Sirtuins, a highly conserved group of NAD+ dependent protein deacetylases that responds to high NAD+/NADH ratios, are another type of metabolic linker. Sirtuins are considered to be ‘‘master regulators’’ of eukaryotic ageing due to pioneering work showing that deletion of SIR2 decreases yeast RLS, whereas its overexpression increases RLS [50]. It was proposed that CR extends RLS by activating Sir2 deacetylase activity, either through an increase in the intracellular NAD+/NADH ratio [51], and/or a reduction in the nicotinamide concentration [52]. Nicotinamide, a by-product of the deacetylation reaction, is a potent noncompetitive Sir2 inhibitor but CR elevates the expression of Pnc1, a nicotinamidase, thereby promoting Sir2p deacetylase activity (reviewed in [52][53]). Although other deacetylases have been implicated in CR-mediated extension of RLS by suppressing rDNA recombination, the role of these sirtuins in mediating CR effects on yeast RLS remains controversial [54]. Nevertheless, although Sir2 mammalian orthologues were shown to be linked to increased longevity, the mechanism by which Sir2 acts to extend yeast RLS does not seem to be relevant to ageing in multicellular eukaryotes [2].

The role of Sir2 in yeast CLS appears to be different and it has been mainly assigned as having a pro-ageing role in CLS. Depending on the strain background and growth media, deletion of SIR2 either has no effect or induces a moderate increase of CLS (reviewed in [53]). Abrogation of SIR2 combined with CR and/or mutations in the yeast SCH9 or RAS1/2 causes a dramatic CLS extension [44][55]. Overexpression of SIR2 has no effect on CLS but reduces the CLS of cells lacking Sch9 activity [55]. Nevertheless, the effects of Sir2 in CR-mediated CLS longevity are also controversial. Although it was shown that Sir2 antagonizes CLS extension promoted by CR [55], it was later shown that CR extends CLS of S. cerevisiae independently of the sirtuins including Sir2 [54]. Consistent with these observations, our data showed that deletion of SIR2 does not have a major impact on CLS either in normal growth conditions or under CR (Figure 1). This suggests that the longevity promoting effects of CR are independent of Sir2 although it remains unclear whether CR has an impact on Sir2 activity. The fact that deletion of SIR2 in combination with reduced PKA or Sch9 activity (promoted by CR) leads to an increase of the expression of several stress-resistance genes and a decrease on the rate of DNA mutations that accumulate with age in post-mitotic conditions could explain the absence of CLS effects under CR conditions.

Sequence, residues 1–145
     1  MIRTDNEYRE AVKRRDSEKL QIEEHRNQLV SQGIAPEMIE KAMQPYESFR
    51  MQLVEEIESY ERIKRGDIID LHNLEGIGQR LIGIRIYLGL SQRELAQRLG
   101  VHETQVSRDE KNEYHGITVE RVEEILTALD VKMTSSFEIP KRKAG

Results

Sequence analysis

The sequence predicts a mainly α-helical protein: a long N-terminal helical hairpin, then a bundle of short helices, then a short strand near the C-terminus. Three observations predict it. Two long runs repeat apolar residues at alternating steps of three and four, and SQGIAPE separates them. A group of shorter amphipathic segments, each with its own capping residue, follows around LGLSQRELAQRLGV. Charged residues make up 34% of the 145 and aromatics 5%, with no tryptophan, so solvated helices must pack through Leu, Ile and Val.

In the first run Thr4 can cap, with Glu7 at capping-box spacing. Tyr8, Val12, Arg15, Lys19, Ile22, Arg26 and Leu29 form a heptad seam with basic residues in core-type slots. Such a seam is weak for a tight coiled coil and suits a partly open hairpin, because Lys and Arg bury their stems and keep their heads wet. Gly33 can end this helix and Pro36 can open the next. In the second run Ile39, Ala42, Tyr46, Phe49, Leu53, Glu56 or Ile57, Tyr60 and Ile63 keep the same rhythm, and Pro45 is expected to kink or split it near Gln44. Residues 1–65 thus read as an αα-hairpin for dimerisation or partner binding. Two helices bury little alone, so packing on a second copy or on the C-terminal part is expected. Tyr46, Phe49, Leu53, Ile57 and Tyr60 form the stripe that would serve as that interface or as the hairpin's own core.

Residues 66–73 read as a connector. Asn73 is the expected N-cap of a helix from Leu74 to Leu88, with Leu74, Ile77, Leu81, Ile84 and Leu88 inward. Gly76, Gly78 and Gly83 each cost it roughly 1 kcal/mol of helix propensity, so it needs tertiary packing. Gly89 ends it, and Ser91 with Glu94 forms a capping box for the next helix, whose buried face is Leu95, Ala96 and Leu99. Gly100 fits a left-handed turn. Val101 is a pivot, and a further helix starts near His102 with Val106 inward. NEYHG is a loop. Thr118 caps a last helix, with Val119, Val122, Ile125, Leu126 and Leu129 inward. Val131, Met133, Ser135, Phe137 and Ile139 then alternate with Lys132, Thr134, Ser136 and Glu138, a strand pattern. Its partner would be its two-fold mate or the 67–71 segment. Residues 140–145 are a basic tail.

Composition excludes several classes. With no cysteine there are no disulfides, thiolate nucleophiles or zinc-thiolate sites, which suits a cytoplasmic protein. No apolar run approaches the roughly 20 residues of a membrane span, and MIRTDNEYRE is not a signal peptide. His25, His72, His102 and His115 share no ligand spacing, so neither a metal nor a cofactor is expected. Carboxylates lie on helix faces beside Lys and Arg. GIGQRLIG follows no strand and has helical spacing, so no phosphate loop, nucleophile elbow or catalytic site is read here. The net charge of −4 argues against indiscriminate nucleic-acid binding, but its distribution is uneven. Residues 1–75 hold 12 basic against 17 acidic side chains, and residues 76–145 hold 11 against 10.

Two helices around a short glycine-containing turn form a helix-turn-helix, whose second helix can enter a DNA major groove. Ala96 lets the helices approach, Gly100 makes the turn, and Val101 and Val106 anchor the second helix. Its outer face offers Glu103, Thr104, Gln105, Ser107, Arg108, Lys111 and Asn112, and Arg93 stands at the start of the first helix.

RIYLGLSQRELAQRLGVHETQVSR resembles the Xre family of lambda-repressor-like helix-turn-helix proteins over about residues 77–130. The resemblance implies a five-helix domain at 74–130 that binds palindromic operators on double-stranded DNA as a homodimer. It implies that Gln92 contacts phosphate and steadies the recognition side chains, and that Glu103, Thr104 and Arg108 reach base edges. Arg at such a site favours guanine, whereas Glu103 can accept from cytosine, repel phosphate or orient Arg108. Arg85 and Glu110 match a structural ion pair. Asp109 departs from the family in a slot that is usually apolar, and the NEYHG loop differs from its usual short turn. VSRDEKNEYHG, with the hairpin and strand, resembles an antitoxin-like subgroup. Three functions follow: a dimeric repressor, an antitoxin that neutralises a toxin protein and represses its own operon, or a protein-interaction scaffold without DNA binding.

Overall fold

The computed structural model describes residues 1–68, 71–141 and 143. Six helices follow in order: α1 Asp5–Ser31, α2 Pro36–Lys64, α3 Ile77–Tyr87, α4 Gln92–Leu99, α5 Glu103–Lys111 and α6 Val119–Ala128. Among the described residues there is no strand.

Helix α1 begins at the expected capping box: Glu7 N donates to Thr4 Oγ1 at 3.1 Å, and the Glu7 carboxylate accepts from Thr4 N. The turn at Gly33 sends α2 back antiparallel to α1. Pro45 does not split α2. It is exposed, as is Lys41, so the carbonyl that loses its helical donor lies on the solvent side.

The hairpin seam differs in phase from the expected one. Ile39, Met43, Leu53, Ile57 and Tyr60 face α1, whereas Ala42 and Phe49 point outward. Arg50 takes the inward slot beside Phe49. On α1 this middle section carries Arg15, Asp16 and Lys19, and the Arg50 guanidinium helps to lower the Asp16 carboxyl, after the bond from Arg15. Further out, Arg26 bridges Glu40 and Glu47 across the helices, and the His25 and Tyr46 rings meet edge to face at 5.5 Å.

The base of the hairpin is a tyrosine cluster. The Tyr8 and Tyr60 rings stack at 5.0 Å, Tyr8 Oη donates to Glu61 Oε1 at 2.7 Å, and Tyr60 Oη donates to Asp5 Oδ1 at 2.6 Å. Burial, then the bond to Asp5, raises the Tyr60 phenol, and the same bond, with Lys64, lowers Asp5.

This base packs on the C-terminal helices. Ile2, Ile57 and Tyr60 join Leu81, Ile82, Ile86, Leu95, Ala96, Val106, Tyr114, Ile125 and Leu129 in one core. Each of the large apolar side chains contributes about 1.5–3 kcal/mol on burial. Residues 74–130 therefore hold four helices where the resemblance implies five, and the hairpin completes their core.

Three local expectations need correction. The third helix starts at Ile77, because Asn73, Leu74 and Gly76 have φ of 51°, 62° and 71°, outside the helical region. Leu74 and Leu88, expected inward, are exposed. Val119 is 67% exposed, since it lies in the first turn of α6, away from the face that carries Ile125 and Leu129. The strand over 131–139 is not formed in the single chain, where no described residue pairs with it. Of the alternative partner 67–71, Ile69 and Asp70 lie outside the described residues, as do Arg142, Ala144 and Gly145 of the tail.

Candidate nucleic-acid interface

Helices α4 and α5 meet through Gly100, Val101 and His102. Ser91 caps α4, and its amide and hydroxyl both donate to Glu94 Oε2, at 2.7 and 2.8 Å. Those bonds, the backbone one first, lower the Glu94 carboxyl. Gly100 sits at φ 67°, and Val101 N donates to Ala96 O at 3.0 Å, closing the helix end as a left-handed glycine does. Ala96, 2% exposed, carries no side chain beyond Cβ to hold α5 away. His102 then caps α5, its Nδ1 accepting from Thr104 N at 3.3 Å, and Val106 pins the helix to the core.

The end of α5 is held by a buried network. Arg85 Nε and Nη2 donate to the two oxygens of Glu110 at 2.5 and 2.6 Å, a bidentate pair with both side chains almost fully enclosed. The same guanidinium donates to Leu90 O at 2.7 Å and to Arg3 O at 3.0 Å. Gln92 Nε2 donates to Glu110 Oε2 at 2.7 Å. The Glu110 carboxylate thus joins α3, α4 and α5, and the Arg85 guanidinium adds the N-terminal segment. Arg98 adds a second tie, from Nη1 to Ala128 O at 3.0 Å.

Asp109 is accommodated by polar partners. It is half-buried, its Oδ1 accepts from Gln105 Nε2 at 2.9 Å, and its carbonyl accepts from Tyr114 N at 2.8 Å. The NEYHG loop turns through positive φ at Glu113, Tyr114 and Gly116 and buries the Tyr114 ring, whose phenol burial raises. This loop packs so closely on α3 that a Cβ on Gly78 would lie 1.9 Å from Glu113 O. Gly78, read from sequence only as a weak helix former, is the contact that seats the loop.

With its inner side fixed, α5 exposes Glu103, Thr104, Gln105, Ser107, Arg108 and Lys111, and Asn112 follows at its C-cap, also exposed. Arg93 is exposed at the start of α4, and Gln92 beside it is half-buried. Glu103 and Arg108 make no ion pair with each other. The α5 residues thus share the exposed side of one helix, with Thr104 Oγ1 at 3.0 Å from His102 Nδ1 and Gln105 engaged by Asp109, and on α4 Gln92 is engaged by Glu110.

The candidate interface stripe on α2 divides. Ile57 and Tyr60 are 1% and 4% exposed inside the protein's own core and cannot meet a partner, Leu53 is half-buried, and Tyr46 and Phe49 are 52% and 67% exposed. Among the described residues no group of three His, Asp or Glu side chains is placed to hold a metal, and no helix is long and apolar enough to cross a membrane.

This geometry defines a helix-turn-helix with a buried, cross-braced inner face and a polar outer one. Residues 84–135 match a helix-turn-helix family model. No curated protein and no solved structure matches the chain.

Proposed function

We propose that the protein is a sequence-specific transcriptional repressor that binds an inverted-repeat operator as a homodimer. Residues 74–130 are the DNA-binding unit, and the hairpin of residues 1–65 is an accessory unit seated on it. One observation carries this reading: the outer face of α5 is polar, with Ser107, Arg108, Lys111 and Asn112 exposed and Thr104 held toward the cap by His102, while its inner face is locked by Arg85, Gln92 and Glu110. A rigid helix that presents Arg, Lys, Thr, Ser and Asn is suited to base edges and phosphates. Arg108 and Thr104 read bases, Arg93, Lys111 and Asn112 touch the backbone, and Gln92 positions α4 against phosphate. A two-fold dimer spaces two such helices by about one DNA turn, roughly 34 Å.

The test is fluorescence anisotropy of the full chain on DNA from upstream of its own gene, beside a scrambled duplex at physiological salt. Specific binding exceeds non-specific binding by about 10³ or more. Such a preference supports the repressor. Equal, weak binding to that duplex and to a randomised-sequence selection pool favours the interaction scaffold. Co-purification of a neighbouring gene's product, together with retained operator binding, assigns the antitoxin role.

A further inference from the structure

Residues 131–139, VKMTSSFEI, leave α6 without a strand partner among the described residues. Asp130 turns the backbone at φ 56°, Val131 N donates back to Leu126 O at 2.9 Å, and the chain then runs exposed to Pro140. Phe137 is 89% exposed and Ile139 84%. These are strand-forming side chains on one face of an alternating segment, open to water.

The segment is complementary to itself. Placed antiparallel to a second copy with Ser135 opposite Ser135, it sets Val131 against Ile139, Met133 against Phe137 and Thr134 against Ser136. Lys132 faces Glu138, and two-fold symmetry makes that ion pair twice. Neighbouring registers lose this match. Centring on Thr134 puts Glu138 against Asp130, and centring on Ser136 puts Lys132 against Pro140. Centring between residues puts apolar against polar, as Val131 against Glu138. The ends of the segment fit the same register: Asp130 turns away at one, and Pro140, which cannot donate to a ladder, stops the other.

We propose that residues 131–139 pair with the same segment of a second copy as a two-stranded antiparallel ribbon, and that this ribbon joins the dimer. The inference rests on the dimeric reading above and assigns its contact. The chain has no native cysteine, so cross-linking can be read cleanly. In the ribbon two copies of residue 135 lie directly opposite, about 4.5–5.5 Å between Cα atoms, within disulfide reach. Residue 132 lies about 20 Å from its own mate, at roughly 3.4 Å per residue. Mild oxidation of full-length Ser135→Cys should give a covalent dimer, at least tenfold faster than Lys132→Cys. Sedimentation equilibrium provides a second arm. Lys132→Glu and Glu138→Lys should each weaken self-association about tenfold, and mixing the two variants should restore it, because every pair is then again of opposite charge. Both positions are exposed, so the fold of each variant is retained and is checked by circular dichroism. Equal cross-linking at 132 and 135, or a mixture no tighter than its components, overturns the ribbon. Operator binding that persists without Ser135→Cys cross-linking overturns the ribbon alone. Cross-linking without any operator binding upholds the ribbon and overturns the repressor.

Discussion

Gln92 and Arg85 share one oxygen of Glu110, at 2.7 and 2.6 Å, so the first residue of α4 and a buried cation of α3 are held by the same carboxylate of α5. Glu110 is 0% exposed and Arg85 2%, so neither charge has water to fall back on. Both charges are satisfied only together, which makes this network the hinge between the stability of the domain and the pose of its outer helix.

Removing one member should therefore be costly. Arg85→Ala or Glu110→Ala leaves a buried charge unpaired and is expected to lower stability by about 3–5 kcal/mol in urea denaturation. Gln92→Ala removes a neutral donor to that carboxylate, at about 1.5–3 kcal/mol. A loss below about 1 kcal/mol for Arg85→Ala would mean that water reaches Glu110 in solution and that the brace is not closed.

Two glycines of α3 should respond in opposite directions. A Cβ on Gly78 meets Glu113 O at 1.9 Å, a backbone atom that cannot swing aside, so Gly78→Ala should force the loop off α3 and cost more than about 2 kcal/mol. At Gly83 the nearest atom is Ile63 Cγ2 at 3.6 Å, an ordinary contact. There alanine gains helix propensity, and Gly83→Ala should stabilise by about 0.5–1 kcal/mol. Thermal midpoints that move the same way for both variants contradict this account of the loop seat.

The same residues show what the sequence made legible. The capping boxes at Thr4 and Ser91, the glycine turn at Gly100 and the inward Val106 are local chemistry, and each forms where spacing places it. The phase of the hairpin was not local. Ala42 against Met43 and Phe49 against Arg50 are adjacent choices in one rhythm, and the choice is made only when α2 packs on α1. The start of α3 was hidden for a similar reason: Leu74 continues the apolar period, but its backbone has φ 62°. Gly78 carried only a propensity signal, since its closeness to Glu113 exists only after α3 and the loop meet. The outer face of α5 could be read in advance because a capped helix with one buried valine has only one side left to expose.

FIGURE1: SIR2 deletion does not have a major impact on CLS either in normal growth conditions or under caloric restriction.

Chronological lifespan of wild type (background BY4741) or sir2Δ cells submitted to (A) non-caloric restriction (non-CR) or (B) caloric restriction (CR) conditions. All experiments were performed in synthetic complete (SC) medium containing yeast nitrogen base and glucose, as a carbon source, supplemented with the appropriate amino acids and bases. The concentration of glucose used was 2% in non-CR conditions or 0.5% to promote CR. Cells were incubated at 26°C with shaking at 150 rpm. Cultures reached stationary phase 2 days later and this was considered day 0 of CLS. Survival was assessed by counting colony-forming units (CFUs) beginning at day 0 of CLS (when viability was considered to be 100%), and then again every 2-3 days until less than 0.1% of the cells in the culture were viable. The data represent mean ± SEM of three biological independent replicas. No statistical significance was obtained between the CLS curves presented both in panel A and in panel B, as determined by two-way ANOVA.